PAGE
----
Leviticus 11:25
And whosoever beareth ought of the carcase of them shall wash his clothes, and be unclean until the even.
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(25) And whosoever beareth.—But he who removed the carcase out of the camp or city, or from one place to another, not only contracted defilement for the rest of the day, but had to wash the clothes which he had on, since the pollution by carrying is greater than that by touching. During the time of the second Temple, the administrators of the law declared that wherever the Law enjoins that a man should “wash his clothes” because of the legal defilement which he contracted, it included the command of bathing the body, and that it was only omitted here and in Leviticus 11:28; Leviticus 11:40 for the sake of brevity. The Samaritan text and some Hebrew manuscripts have actually the whole phrase “and wash his clothes and bathe himself in water,” as in Leviticus 17:15 and Numbers 19:19. In allusion to this we are told that those who contracted pollution, and have come out of the great tribulation, “washed their robes and made them white in the blood of the Lamb” (Revelation 7:14).

Ought of the carcase.—The uncleanness was contracted by not only carrying away the whole carcase, but by removing any portion of it. (See Leviticus 11:32.) The expression ought is represented in the original, and is rightly printed in the ordinary type of the text in the Authorised Version of 1611. The printing it in italics is an unauthorised innovation, though it is followed in the Speaker’s Commentary, which professes to give the text of 1611.

11:1-47 What animals were clean and unclean. - These laws seem to have been intended, 1. As a test of the people's obedience, as Adam was forbidden to eat of the tree of knowledge; and to teach them self-denial, and the government of their appetites. 2. To keep the Israelites distinct from other nations. Many also of these forbidden animals were objects of superstition and idolatry to the heathen. 3. The people were taught to make distinctions between the holy and unholy in their companions and intimate connexions. 4. The law forbad, not only the eating of the unclean beasts, but the touching of them. Those who would be kept from any sin, must be careful to avoid all temptations to it, or coming near it. The exceptions are very minute, and all were designed to call forth constant care and exactness in their obedience; and to teach us to obey. Whilst we enjoy our Christian liberty, and are free from such burdensome observances, we must be careful not to abuse our liberty. For the Lord hath redeemed and called his people, that they may be holy, even as he is holy. We must come out, and be separate from the world; we must leave the company of the ungodly, and all needless connexions with those who are dead in sin; we must be zealous of good works devoted followers of God, and companions of his people.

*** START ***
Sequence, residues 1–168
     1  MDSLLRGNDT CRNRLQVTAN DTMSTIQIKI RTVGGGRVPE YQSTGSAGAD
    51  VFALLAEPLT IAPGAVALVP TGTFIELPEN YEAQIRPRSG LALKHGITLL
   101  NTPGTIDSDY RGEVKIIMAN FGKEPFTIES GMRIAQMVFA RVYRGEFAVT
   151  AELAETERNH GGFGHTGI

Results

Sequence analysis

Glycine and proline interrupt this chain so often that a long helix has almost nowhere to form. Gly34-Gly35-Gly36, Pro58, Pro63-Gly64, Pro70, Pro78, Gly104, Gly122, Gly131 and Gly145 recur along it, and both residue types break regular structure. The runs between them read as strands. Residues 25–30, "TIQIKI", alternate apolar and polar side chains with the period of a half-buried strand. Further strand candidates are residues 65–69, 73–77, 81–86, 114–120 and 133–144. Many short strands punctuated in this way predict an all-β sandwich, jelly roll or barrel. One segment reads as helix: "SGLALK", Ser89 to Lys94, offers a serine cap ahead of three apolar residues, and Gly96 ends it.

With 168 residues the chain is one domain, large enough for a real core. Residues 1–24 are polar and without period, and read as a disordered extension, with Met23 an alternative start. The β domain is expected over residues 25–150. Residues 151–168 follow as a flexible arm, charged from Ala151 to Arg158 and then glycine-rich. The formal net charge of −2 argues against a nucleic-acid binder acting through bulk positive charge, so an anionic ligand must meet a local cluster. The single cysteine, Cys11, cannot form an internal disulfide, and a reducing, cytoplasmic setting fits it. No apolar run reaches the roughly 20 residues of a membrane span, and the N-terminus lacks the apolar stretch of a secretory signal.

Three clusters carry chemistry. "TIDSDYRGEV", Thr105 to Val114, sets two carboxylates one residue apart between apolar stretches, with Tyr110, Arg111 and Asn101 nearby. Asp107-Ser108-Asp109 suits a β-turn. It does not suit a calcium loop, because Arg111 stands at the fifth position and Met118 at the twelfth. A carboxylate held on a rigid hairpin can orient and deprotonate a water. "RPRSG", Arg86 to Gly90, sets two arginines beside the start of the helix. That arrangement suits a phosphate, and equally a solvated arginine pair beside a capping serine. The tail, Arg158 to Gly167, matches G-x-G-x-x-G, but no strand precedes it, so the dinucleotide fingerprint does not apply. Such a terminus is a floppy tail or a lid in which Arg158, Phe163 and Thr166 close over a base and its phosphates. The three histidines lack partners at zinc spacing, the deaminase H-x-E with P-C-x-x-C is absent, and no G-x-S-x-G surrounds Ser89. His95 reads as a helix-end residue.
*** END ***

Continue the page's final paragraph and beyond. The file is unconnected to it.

]Unclean - If the due purification was omitted at the time, through negligence or forgetfulness, a sin-offering was required. See Leviticus 5:2. 21, 22. Yet these may ye eat of every flying creeping thing that goeth upon all four, which have legs above their feet—Nothing short of a scientific description could convey more accurately the nature "of the locust after its kind." They were allowed as lawful food to the Israelites, and they are eaten by the Arabs, who fry them in olive oil. When sprinkled with salt, dried, smoked, and fried, they are said to taste not unlike red herrings. Whosoever beareth, or, taketh away, out of the place where haply it may lie, by which others may be either offended or polluted.

And whosoever beareth ought of the carcass of them,.... That carries them from one place to another, out of the camp, city, village, or house or field where they may lie; and though this is done with a good design, as being offensive or infectious, yet such an one

shall wash his clothes, and be unclean until the even; from whence both Jarchi and Aben Ezra infer, that the pollution by hearing or carrying is greater than that by touching; since such a man, so defiled, was obliged to wash his clothes as well as his body; so saints, that have contracted pollution by any manner of sin, are to wash their garments and make them white in the blood of the Lamb, Revelation 7:14.

And whosoever {g} beareth ought of the carcase of them shall wash his clothes, and be unclean until the even.

(g) Out of the camp.

Leviticus 11:25In Leviticus 11:24-28 there follow still further and more precise instructions, concerning defilement through contact with the carcases (i.e., the carrion) of the animals already mentioned. These instructions relate first of all (Leviticus 11:24 and Leviticus 11:25) to aquatic and winged animals, which were not to be eaten because they were unclean (the expression "for these" in Leviticus 11:24 relates to them); and then (Leviticus 11:26-28) to quadrupeds, both cattle that have not the hoof thoroughly divided and do not ruminate (Leviticus 11:26), and animals that go upon their hands, i.e., upon paws, and have no hoofs, such as cats, dogs, bears, etc.
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